With perseverance, I finally landed on the recipe I like. I started with the one by Sally Fallon (Nourishing Traditions and Eat Fat, Lose Fat), then made a few adjustments1. What made a world of difference for me though, was the method of making it. I had been wanting to buy an immersion blender for a while and decided this was as good a reason as any. I found this one at Target. It was just under $20 and is made by Oster. I love it!!! (I was surprised to find so many poor reviews — I haven’t had any trouble with it, but ymmv)

Oster immersion blender

Making mayo is now a breeze. Here’s my recipe, as made with my immersion blender.

Mayonnaise
(makes approx. 2 cups)

4 egg yolks (preferably fresh from pastured chickens) at room temp
2 tsp of Dijon mustard (natural ingredients, no sugar!)
2 Tbs of whey (optional)
1 tsp lemon juice
1 1/4 – 1 1/2 cups oil (I use 1 cup of Bragg olive oil and 1/4 cup Spectrum organic olive oil)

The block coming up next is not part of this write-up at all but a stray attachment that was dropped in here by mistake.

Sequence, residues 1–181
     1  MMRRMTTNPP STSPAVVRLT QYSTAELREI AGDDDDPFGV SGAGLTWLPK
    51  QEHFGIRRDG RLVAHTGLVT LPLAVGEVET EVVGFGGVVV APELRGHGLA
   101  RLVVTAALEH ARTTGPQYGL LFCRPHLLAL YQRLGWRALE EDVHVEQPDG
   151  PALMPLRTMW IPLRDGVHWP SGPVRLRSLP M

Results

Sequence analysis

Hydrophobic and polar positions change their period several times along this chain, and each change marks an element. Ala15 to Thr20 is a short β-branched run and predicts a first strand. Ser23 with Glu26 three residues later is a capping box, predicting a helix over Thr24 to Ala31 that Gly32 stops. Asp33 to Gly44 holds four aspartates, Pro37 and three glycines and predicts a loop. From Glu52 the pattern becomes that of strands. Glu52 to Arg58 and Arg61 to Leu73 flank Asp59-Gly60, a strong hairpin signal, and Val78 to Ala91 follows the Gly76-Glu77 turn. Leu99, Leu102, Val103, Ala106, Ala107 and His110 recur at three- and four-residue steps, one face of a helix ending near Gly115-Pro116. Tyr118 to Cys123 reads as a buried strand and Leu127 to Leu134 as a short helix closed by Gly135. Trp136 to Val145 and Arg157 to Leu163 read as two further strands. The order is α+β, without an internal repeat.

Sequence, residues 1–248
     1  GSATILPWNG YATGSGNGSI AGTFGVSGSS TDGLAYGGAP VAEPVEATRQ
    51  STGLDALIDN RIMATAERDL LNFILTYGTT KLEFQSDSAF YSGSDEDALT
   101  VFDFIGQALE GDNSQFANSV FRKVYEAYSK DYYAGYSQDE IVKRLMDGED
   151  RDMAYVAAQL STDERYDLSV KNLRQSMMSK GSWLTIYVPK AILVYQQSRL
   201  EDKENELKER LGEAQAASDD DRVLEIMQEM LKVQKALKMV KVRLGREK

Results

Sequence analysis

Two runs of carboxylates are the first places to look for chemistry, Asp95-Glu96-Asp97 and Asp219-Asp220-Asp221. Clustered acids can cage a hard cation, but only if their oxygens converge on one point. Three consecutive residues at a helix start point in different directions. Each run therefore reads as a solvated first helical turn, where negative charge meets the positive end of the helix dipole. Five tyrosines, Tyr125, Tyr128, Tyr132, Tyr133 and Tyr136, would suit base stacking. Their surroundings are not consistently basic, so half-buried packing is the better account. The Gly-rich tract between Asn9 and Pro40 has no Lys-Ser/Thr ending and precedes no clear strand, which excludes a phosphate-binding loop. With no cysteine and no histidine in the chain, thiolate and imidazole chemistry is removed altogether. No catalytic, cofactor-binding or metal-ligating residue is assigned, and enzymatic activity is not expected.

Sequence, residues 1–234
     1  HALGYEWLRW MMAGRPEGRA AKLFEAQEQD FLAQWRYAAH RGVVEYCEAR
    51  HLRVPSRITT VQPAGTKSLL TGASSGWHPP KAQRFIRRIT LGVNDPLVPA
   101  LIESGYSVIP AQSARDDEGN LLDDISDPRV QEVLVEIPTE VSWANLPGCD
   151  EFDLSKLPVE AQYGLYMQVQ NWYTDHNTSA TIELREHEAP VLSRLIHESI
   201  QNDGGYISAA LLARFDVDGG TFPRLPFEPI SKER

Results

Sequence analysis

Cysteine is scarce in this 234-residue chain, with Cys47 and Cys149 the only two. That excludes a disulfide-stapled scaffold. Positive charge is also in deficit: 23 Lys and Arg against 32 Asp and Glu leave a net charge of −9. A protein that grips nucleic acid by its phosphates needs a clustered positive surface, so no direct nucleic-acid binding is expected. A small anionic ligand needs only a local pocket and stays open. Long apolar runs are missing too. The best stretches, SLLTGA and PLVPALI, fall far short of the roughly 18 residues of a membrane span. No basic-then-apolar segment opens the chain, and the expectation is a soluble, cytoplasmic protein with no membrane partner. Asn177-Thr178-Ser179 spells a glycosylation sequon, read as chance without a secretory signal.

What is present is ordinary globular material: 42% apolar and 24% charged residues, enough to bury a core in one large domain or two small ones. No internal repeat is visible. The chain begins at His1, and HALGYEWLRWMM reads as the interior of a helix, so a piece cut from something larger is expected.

salt to taste (I use about 1/2 tsp Real salt)
pinch Spanish paprika
liquid stevia (start with about 3 drops, then add to taste) or honey (to taste)

I like to put my oils into a Pyrex (glass) meausring cup. This way I can measure as I add the oils and it has a little spout at the top which makes pouring easier. I love using the Bragg oil. It has such a mild flavor for making mayonnaise. Put all ingredients except oil into immersion blender container. Blend just till combined then slowly pour the oil into the container while using the other hand to run the blender, but be sure to keep the blades at the bottom of the container until it all the oil has been added. Once combined, you can then move the blender up and down to thoroughly mix the oil. Be careful not to let the bottom of the immersion blender go above the top of the liquid, unless you want to redecorate your kitchen in mayo!! (Thanks to Michelle at She Looketh Well for that last tip)